The link between Chimney Rock and Chaco was strong, said Todd. Timbers used in the massive Chaco Canyon Great Houses and great kivas may have originated from the Chimney Rock region, since there are few pine trees around Chaco Canyon. Todd also speculated that deer and elk harvested from the forests around Chimney Rock may have been delivered to Chaco Canyon, as evidenced by bones found in ancient Chaco trash pits.

Large fireboxes at Chimney Rock likely were used to signal Chacoans at the summit of Huerfano Mesa, a plateau hosting ancient fireboxes some 30 miles to the southeast of Chimney Rock and in sight of Chaco Canyon, said Lekson. "There was almost certainly line-of-sight communication between Chimney Rock, Huerfano Mesa and Chaco Canyon," said Lekson. While there is no Chaco Great House on Huerfano Mesa, "elaborate fireboxes and shrines suggest that somebody was there to 'pick up the phone' and relay messages."

Unlike Chaco Canyon -- which was the hub of the Southwest Pueblo culture for about 300 years -- Chimney Rock's occupation was "short and sweet," lasting only about 50 years, said Lekson. For reasons still unknown, the Chimney Rock occupants abandoned the site about 1130, never to return.

CU-Boulder anthropology graduate student Kellem Throgmorton, who worked on the excavation of the two Great House rooms this year, said Chimney Rock inhabitants apparently burned the rooms at the end of the occupation. "It was standard practice for these people to close a site by burning the roof and letting the whole thing collapse down," he said. "The big surprise was that the rooms had not been cleared out completely before abandonment -- there were still items inside."

Todd said one of the rooms contained an intact pot that had been fixed into the floor and wall as a permanent fixture and also contained the jawbone of a large bear, an animal that had spiritual significance to the Chaco culture. "By all indications, this was a place for a few special people," Todd said.

Lekson said the Chaco culture -- which held political sway over a region twice the size of Ohio for centuries -- likely began disintegrating into warfare by the middle of the 12th century. He believes a spiritual tug-of-war involving Chacoans triggered some to migrate north toward Aztec, N.M., then later south to a site known as Paquime in northern Mexico on a vertical line he calls "The Chaco Meridian." Thousands of other Chaco people likely split off and moved to other pueblos south of Chaco Canyon, Lekson believes.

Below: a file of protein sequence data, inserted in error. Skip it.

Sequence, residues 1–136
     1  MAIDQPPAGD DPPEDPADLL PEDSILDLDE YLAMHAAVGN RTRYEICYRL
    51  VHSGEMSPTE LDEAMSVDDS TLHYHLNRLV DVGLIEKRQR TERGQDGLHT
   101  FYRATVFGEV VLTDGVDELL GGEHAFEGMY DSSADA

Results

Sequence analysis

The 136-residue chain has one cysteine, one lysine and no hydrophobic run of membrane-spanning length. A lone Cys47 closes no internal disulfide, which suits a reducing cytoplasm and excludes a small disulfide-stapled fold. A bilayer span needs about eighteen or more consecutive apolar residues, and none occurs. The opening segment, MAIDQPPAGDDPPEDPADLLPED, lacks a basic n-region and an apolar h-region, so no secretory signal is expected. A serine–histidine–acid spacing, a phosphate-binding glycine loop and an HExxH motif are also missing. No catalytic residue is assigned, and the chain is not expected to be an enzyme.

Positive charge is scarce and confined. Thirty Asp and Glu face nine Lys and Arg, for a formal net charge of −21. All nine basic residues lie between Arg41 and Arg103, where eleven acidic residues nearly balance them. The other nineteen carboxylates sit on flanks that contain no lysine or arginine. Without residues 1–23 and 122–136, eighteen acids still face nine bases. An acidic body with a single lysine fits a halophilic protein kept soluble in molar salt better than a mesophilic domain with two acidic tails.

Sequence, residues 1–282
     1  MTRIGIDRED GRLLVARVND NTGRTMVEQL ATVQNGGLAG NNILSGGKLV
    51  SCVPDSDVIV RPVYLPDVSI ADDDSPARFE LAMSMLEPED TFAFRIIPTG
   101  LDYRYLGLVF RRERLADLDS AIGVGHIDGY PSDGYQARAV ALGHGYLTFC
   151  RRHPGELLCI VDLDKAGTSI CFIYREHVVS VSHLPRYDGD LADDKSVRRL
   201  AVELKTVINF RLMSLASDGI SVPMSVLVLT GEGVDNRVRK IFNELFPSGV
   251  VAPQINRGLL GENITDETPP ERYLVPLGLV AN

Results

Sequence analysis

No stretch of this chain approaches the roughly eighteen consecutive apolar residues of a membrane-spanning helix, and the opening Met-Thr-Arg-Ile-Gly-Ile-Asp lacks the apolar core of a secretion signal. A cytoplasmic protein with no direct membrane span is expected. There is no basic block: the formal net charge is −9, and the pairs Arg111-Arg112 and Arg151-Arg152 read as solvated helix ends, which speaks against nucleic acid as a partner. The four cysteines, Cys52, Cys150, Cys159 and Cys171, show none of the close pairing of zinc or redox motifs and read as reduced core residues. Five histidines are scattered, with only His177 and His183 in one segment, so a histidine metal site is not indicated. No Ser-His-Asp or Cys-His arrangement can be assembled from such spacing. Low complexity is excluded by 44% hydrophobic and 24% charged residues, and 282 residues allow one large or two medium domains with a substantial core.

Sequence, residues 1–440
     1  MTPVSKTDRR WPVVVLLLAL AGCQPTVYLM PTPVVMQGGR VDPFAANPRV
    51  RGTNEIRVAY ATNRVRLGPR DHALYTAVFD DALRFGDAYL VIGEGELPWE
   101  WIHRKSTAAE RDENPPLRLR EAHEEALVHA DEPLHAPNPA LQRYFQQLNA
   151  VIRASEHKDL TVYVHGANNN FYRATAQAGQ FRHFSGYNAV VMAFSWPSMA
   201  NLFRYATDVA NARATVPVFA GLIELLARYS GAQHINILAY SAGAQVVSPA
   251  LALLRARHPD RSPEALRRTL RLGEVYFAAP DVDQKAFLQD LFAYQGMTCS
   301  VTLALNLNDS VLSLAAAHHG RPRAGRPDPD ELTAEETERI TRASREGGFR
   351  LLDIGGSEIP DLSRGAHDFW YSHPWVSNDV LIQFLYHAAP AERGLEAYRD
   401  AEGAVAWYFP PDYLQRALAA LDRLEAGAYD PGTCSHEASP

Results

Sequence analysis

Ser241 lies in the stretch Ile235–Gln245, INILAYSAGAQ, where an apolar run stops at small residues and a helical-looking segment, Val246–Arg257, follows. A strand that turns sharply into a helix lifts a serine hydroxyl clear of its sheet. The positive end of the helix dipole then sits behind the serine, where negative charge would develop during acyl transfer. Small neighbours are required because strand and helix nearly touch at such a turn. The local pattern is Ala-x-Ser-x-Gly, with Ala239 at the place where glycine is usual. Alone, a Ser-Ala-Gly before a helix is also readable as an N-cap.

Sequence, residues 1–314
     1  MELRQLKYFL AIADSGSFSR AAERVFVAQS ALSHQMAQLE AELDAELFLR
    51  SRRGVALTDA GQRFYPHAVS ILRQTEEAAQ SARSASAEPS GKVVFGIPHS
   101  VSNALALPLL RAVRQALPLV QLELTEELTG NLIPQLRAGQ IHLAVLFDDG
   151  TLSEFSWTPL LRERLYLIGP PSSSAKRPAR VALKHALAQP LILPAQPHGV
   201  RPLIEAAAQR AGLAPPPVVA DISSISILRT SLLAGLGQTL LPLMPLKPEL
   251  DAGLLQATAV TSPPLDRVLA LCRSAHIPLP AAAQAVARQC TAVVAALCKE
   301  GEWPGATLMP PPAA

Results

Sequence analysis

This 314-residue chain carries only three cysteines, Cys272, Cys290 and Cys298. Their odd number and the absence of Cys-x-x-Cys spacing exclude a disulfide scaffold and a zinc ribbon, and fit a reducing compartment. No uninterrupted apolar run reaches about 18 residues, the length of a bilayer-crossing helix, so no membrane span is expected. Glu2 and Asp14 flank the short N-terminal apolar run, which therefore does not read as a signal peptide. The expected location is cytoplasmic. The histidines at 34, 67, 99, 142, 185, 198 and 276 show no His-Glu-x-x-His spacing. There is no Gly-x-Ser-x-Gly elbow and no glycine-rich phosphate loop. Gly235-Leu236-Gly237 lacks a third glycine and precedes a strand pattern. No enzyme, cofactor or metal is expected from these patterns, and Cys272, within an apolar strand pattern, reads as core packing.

The CU-Boulder archaeological project at Chimney Rock began May 24 and was completed July 5, part of a larger effort by federal, state and private groups to investigate, restore and stabilize the site. The partnership includes the U.S. Forest Service and the volunteer Chimney Rock Interpretive Association, which conducts guided walking tours at the site during the summer.

In addition to Todd and Throgmorton, the CU-Boulder team included graduate students Alison Bredthauer, Erin Baxter and Jakob Sedig, as well as CU-Boulder graduate Jason Chuipka, now an archaeologist with Woods Canyon Archaeological Consultants Inc. of Yellow Jacket, Colo. "This is a tremendous opportunity for our students," said Lekson. "This is a famous site, and probably no other archaeologists will get the opportunity to work here again in our lifetimes."

CU-Boulder has been involved in Southwest archaeological excavations for nearly a century. Building on three decades of intensive research in the region, Lekson published a book this June titled "A History of the Ancient Southwest." His wife, Professor Catherine Cameron of CU-Boulder's anthropology department, published a book in fall 2008 titled "Chaco and After in the Northern San Juan."